Ventricular Tachycardia Treatment
- What It Is
- Risk Factors
- Living With
- User Questions
- Alternative Treatment
- Care Guide
- Questions for Your Doctor
- When to Contact a Doctor
- Find a Doctor
- Resource Guide
How to Treat Ventricular Tachycardia
A doctor may recommend any of the following treatments:
- In an emergency situation, CPR or a defibrillator may be required.
- Drugs to lower the heart rate, such as lidocaine, procainamide, and amiodarone, may be given.
- A doctor may prescribe beta-blockers to manage High Blood Pressure.
- Open heart surgery or radiofrequency ablation may be necessary to remove any structural abnormalities identified by the ECG. For radiofrequency ablation, a small electrode catheter is placed in the heart. It will destroy the abnormalities using specific energy frequencies.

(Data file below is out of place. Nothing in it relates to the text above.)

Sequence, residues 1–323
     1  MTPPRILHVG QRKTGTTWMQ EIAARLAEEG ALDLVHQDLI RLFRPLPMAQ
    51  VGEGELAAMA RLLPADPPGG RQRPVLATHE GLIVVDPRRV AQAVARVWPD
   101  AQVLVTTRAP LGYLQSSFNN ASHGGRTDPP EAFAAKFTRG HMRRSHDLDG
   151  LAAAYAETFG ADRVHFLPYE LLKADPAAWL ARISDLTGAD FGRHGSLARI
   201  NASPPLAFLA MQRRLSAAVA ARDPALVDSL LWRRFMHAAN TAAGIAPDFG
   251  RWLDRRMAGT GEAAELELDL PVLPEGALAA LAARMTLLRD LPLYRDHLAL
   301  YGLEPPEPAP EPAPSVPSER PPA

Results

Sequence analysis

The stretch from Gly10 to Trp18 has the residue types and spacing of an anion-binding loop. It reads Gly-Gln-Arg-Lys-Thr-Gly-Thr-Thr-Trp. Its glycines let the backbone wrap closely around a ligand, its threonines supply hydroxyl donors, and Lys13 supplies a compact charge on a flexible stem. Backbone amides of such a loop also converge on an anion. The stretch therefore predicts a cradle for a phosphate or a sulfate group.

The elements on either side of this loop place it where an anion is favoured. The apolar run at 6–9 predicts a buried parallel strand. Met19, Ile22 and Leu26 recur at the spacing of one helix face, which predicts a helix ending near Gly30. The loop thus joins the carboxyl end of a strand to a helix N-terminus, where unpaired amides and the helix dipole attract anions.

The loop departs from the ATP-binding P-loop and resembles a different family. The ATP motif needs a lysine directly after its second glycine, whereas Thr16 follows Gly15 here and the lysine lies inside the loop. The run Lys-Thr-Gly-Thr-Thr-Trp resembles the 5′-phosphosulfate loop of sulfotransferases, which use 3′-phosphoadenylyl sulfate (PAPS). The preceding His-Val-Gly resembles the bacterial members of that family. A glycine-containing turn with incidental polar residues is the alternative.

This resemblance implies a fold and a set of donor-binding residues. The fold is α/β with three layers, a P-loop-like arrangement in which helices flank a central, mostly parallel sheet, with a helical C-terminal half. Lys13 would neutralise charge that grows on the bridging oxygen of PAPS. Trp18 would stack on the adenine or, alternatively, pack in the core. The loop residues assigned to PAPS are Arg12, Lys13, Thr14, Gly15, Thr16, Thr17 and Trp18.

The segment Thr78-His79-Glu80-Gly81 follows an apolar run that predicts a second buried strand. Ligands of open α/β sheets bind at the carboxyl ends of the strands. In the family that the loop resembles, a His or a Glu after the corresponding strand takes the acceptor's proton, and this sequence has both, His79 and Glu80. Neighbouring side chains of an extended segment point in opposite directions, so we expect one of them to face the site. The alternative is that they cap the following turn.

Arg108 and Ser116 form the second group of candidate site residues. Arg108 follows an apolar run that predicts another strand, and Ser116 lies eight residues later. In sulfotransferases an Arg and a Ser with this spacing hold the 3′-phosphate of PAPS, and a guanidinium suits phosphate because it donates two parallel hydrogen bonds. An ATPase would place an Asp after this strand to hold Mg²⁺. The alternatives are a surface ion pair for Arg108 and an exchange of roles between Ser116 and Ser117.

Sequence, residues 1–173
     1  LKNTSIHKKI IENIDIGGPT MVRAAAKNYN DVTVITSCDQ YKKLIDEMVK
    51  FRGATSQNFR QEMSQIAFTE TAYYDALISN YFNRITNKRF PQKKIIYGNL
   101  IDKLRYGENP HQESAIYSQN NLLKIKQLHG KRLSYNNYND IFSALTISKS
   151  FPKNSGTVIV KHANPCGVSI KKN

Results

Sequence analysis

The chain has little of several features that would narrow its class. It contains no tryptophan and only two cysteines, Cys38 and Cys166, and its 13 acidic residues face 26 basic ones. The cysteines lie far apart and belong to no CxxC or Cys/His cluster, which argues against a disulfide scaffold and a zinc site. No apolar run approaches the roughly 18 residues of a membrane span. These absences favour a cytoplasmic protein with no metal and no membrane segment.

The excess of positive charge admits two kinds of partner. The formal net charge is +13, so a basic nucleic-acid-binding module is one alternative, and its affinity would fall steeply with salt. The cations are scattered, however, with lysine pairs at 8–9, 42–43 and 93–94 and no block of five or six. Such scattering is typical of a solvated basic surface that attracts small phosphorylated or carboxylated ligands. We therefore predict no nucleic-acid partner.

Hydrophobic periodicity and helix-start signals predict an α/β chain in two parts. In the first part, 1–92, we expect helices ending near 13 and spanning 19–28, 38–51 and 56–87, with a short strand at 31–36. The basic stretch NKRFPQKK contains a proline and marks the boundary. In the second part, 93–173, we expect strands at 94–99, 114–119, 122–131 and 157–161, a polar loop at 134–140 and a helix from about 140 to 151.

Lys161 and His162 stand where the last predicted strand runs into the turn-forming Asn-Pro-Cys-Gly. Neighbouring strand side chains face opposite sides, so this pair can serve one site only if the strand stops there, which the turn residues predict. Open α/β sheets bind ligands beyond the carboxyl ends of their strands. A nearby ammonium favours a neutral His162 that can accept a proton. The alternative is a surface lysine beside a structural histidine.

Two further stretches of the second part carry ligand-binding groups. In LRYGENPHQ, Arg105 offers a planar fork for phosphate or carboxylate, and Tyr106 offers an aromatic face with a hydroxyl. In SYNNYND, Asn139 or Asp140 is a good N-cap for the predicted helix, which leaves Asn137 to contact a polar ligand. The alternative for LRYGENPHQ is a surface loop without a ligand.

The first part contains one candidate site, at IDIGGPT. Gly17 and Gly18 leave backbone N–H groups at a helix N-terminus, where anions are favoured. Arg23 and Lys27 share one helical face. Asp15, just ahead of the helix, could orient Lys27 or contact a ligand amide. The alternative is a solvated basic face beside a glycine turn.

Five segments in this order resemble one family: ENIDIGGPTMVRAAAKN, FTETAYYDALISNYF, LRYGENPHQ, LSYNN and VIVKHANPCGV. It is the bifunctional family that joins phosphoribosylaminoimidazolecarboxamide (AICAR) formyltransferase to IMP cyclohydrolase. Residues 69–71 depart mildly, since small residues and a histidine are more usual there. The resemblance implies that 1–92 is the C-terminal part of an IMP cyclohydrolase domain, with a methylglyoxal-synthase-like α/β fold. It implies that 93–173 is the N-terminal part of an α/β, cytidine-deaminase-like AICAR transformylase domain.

- If other approaches fail, an automatic defibrillator will be inserted into the heart-much like a pacemaker -to deliver shocks as needed to keep the heart rate steady. This has been shown to be the most effective management for patients with severe Arrhythmias or who had been revived after sudden cardiac death.
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Please be aware that this information is provided to supplement the care provided by your physician. It is neither intended nor implied to be a substitute for professional medical advice. CALL YOUR HEALTHCARE PROVIDER IMMEDIATELY IF YOU THINK YOU MAY HAVE A MEDICAL EMERGENCY. Always seek the advice of your physician or other qualified health provider prior to starting any new treatment or with any questions you may have regarding a medical condition. Copyright ©2013 EBSCO Publishing All rights reserved. Source: EBSCO